Last Friday, the Chronicle of Higher Education ran a story about the emerging anti-plagiarism software marketplace, with CrossRef’s CrossCheck spotlighted. It’s a good story that broadens nicely upon the CrossCheck angle.
Defining plagiarism is potentially fraught with difficulty, but it has been done:
Plagiarism is the deliberate attempt to deceive the reader through the appropriation and representation as one’s own the work and words of others. Academic plagiarism occurs when a writer repeatedly uses more than four words from a printed source without the use of quotation marks and a precise reference to the original source in a work presented as the author’s own research and scholarship. Continuous paraphrasing without serious interaction with another person’s views, by way or argument or the addition of new material land insights, is a form of plagiarism in academic work.
Four words? Pretty harsh! I think you could do that accidentally. How does CrossCheck deal with that?
When the system detects a degree of textual overlap between the submitted manuscript and items in the database, the system produces an originality report, which can be used by editorial staff in order to determine whether the overlap is benign, or a case of plagiarism.
OK, that’s better. Still, it will be interesting to see how well this works.
It also puzzles me a little as to how big a problem this is in STM communication. I believe it is a problem more in the humanities, and even by form (books and essays). Do STM publishers really need a major infrastructure deployment to deal with it?
I can see the problem it poses in university classes, where the opportunities for local plagiarism are rife, and the chance of being caught by a professor are slight. The distribution is just too small and local. But for STM publishers, is this using a hammer to kill a fly?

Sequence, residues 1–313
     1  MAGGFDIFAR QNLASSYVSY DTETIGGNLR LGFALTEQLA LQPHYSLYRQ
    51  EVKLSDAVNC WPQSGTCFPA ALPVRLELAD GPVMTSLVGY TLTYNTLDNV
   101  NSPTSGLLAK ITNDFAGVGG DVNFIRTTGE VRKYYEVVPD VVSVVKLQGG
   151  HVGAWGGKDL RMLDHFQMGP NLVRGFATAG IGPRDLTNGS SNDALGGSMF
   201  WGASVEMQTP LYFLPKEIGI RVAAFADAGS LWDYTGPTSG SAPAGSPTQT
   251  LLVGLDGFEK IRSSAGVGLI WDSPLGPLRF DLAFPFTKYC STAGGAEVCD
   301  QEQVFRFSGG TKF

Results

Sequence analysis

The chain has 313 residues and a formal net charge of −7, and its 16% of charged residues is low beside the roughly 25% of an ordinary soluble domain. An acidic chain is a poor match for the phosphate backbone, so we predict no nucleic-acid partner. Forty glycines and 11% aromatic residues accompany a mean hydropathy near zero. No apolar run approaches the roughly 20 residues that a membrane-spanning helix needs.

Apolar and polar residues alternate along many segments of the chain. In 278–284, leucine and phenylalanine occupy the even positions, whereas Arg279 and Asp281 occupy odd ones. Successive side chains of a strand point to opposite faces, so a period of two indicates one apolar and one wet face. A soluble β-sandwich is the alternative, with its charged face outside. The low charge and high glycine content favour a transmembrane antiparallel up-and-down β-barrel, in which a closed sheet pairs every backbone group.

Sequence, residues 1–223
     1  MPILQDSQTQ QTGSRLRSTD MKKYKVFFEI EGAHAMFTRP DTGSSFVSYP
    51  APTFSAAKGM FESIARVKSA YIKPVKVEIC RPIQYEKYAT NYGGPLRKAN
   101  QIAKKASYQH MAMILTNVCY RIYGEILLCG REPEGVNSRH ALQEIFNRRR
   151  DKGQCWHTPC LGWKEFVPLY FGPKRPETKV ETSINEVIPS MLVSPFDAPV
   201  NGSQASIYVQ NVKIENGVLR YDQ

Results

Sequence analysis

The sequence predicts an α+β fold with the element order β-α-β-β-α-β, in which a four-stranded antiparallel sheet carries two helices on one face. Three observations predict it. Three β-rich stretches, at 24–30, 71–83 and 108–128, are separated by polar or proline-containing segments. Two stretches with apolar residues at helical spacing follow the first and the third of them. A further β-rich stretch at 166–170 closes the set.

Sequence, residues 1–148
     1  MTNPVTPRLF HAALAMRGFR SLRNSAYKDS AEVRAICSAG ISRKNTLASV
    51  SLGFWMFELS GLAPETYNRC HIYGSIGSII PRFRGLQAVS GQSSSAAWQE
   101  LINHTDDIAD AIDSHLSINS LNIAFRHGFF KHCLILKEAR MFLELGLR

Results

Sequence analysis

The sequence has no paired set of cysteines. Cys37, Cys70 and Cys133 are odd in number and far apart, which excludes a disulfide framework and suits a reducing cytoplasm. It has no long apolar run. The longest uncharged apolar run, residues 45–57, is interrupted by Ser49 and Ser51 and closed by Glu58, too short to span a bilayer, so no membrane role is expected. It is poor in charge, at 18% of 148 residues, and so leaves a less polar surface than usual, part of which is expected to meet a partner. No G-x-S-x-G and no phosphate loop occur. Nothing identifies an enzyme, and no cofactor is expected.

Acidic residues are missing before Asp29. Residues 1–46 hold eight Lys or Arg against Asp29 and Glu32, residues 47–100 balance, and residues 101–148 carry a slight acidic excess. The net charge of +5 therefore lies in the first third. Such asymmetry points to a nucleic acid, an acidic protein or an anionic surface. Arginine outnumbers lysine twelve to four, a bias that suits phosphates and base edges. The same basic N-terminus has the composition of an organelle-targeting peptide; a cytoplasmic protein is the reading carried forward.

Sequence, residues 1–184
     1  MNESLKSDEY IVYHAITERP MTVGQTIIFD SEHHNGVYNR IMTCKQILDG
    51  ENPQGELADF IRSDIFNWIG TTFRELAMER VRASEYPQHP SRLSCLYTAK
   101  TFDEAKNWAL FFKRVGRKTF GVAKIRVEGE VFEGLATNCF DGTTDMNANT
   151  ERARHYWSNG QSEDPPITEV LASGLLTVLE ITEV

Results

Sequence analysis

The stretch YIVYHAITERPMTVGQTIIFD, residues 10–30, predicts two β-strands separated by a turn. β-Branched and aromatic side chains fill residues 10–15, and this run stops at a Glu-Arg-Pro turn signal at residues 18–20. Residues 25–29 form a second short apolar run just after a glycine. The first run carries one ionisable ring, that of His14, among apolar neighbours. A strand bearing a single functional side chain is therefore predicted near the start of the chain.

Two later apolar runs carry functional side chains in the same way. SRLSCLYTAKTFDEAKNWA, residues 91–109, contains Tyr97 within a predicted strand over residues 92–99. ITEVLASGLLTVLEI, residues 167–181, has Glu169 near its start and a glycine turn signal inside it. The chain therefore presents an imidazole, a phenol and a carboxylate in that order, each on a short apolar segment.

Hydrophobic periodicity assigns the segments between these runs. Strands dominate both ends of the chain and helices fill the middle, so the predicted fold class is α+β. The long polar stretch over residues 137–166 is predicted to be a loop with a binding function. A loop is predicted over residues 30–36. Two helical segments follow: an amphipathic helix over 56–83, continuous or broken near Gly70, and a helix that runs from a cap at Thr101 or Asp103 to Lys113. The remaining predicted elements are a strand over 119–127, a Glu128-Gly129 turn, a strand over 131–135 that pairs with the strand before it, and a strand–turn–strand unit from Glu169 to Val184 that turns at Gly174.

If plagiarism is eliminated from the system of scholarly research by software like CrossCheck and others, we will be left with an even more vexing and debilitating issue — fabrication.
And how do you create an automated BS detector?
1 Thought on "Is the Age of Anti-Plagiarism Software Upon Us?"
As someone who is currently reading into science and technology studies, it is quite common for an author to publish a dissertation, revise it and publish a first book, and then take several chapters and make them into journal articles.
It is also common for articles in this field to be revised and republished as original papers, or as chapters in an edited book.
What has not been discussed with CrossCheck is that it assumes one cultural norm with respect to plagiarism — the cultural norm of the medical community. While I adhere generally to its strict standards for what constitutes unethical publishing behavior, it is culturally blind to the norms practiced in other disciplines. Quite simply, if you are going to be part of CrossRef, you are going to play by the standards set by the medical elite.
I hope that this group has considered the impact they will have on the academic publishing world. Great technological advances often come with unintended consequences.